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Commissioner of Police, Lucius Thomas, has called for the adoption of the principles of restorative justice in the Jamaican criminal justice system, as a peaceful approach to solving crime and violence.
Commissioner Thomas, who was speaking today (Oct. 20) at a Jamaica Constabulary Force-organized mediation conference at the Medallion Hall Hotel on Hope Road, explained that restorative justice was a process whereby the offender acknowledged the harm that he/she has caused to a victim, and repays the debt to the victim.
“The current justice system emphasises punishment and retribution. Restorative justice is fundamentally different from retributive justice in that it brings together the offender and victim, and seeks to establish ways and means whereby the offender can rehabilitate himself or herself in a manner, which is mutual beneficially to both parties,” he elaborated. Pointing to the benefits of this approach, he noted that the adoption of the restorative justice model could impact on the way in which the society dealt with juveniles within the criminal justice system.
“Depending on the crime, instead of sending them to Rio Cobre and Tredegar Park juvenile correction centres, thereby creating a disconnect with families and society, they can repay their debt to society directly. This would ease the pressure of finding space within the (correctional) system for juveniles and it is more humane,” he argued. Commissioner Thomas acknowledged that while the model might not be applicable in all criminal cases, it could be used in cases of wounding, assault or larceny.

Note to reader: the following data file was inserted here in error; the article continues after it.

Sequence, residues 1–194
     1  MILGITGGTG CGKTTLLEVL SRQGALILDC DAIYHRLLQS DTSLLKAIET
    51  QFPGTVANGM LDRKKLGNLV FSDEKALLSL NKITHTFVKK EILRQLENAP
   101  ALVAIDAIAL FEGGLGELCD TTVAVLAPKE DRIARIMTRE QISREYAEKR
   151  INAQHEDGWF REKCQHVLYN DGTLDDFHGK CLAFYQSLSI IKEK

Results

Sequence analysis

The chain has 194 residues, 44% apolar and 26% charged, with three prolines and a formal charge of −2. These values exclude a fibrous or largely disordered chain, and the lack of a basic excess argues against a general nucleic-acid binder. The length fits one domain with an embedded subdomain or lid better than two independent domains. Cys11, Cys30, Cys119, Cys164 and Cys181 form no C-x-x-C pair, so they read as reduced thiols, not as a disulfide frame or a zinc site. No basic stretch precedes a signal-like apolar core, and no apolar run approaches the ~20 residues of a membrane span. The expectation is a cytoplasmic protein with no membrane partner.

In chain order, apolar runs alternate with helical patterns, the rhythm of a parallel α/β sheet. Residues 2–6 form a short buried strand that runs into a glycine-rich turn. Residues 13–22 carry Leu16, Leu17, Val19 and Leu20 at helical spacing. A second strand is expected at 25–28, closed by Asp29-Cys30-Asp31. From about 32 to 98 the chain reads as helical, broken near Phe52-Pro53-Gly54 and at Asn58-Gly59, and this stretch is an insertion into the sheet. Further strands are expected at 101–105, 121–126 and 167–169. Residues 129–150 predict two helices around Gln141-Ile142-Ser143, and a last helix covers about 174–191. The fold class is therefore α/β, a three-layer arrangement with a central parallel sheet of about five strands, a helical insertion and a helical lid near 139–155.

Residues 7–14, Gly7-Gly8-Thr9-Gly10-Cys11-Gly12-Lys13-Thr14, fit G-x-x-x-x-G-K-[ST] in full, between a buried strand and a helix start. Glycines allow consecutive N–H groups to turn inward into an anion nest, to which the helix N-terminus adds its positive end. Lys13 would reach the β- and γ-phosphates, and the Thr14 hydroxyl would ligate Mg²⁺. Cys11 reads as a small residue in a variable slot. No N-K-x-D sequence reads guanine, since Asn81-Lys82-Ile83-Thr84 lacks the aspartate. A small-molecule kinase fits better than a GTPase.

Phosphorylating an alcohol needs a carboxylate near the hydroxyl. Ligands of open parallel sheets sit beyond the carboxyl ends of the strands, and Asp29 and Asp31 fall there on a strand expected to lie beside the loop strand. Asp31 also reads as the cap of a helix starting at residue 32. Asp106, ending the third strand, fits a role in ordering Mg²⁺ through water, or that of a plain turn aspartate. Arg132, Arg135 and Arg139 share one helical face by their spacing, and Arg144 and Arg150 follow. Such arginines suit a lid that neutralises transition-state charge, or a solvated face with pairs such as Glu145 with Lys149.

“The society in which we live and work has changed in such a fundamental way, that we have to develop new strategies in dealing with the ever-present danger of crime. I would like to see the day after a praedial thief is caught that his sentence would be to work for the farmer from whom he stole,” he said.
The Police Commissioner noted further, that restorative justice would provide some rehabilitation for offenders. “There are (criminals), who are repentant and want to right the wrong that they have committed. The system must accommodate them by offering them viable alternatives for a change of lifestyle,” he said.
“Restorative Justice, is justice that puts energy into the future, not into what is past. It focuses on what needs to be healed, what needs to be repaid, what needs to be learnt in the way of crime. It looks on what needs to be strengthened, if such things are not to happen again. It is a revolutionary concept, which is sweeping across the criminal justice systems of Europe and North America,” the Commissioner pointed out.